ruptured_intracranial_aneurysm

Ruptured intracranial aneurysm

Cerebrovascular atherosclerotic stenosis (CAS) and intracranial aneurysm (IA) have a common underlying arterial pathology and common risk factors, but the clinical significance of CAS in IA rupture (IAR) is unclear. A study of Feng et al. aimed to investigate the effect of CAS on the risk of IAR.

They observed substantial differences in the severity of atherosclerotic stenosis, parent-artery stenosis, number of stenotic arteries, and intracranial/extracranial stenosis as indicators between ruptured and unruptured aneurysms. CAS is significantly associated with the risk of intracranial aneurysm rupture, whether in patients aged ≥65 years or <65 years. These findings indicate the clinical significance of CAS in IAR 1).

see Ruptured intracranial aneurysm complications

see Ruptured intracranial aneurysm treatment.

16468 global papers were identified that were cited 273500 times until 2013-08-15. The United States accounted for 31.497% of the articles, 58.64% of the citations, and the highest h-index (127). Japan and Germany followed in frequency. China's articles ranked eighth (third in 2012) in total number, with most of the contributions occurring since 2002 (91.33%). China was at the early stage of the logic growth curve (exponential growth), with the citation frequency and h-index per year increasing. The quality of the publications was low. The main research centers were located in Beijing, Shanghai, Taiwan, and Hong Kong. The main Asian funding body was the National Natural Science Foundation of China. The number of publications and frequency of citations of papers from mainland China was greater than that of Taiwan or Hong Kong.

Global intracranial aneurysm research has been developing swiftly since 1991, with the United States making the largest contribution. Research in China started later, in 2002. Since then, China has increased its rate of publication, and became the third largest contributor by 2012 2).

Cerebrovascular atherosclerotic stenosis (CAS) and intracranial aneurysm (IA) have a common underlying arterial pathology and common risk factors, but the clinical significance of CAS in IA rupture (IAR) is unclear. A study of Feng et al. aimed to investigate the effect of CAS on the risk of IAR.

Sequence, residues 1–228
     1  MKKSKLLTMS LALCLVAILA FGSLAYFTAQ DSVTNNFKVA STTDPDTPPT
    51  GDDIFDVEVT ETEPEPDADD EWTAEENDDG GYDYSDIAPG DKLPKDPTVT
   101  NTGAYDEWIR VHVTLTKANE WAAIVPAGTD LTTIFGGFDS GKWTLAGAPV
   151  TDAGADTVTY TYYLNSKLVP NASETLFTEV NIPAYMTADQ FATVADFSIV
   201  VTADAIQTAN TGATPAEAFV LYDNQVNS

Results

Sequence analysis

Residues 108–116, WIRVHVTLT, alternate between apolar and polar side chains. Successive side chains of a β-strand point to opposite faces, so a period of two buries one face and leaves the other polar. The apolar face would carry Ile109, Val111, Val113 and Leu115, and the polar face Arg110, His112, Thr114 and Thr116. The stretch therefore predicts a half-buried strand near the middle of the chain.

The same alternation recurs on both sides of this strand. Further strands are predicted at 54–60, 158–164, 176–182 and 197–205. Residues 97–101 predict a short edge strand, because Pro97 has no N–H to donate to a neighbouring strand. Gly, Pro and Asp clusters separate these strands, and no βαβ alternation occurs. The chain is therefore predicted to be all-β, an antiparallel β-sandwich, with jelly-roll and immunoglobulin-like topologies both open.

A total of 336 patients with 507 sacular IAs admitted at our center were included. Univariable and multivariable logistic regression analyses were performed to determine the association between IAR and the angiographic variables for CAS. We also explored the differences in CAS in patients aged <65 and ≥65 years.

In all the patient groups, moderate (50%-70%) cerebrovascular stenosis was significantly associated with IAR (odds ratio [OR], 3.4; 95% confidence interval [CI], 1.8-6.5). Single cerebral artery stenosis was also significantly associated with IAR (OR, 2.3; 95% CI, 1.3-3.9), and intracranial stenosis may be a risk factor for IAR (OR, 1.8; 95% CI, 1.0-3.2). In addition, IAs with lobulation may be at a higher risk for rupture than IAs with regular shape (OR, 2.6; 95% CI, 1.1-5.8; P = 0.026), although the same was not true of aneurysms with a daughter sac (OR, 1.8; 95% CI, 0.9-3.7; P = 0.098). Bifurcation location (OR, 2.4; 95% CI, 1.5-3.8; P < 0.001) was significantly associated with aneurysmal rupture. For the patient subgroup aged <65 years, rupture risk was higher for aneurysms with moderate stenosis (OR, 3.4; 95% CI, 1.8-6.5). For patients aged ≥65 years, single-artery stenosis (OR, 1.9; 95% CI, 1.2-3.0) was statistically associated with IAR.

They observed substantial differences in the severity of atherosclerotic stenosis, parent-artery stenosis, number of stenotic arteries, and intracranial/extracranial stenosis as indicators between ruptured and unruptured aneurysms. CAS is significantly associated with the risk of intracranial aneurysm rupture, whether in patients aged ≥65 years or <65 years. These findings indicate the clinical significance of CAS in IAR 3).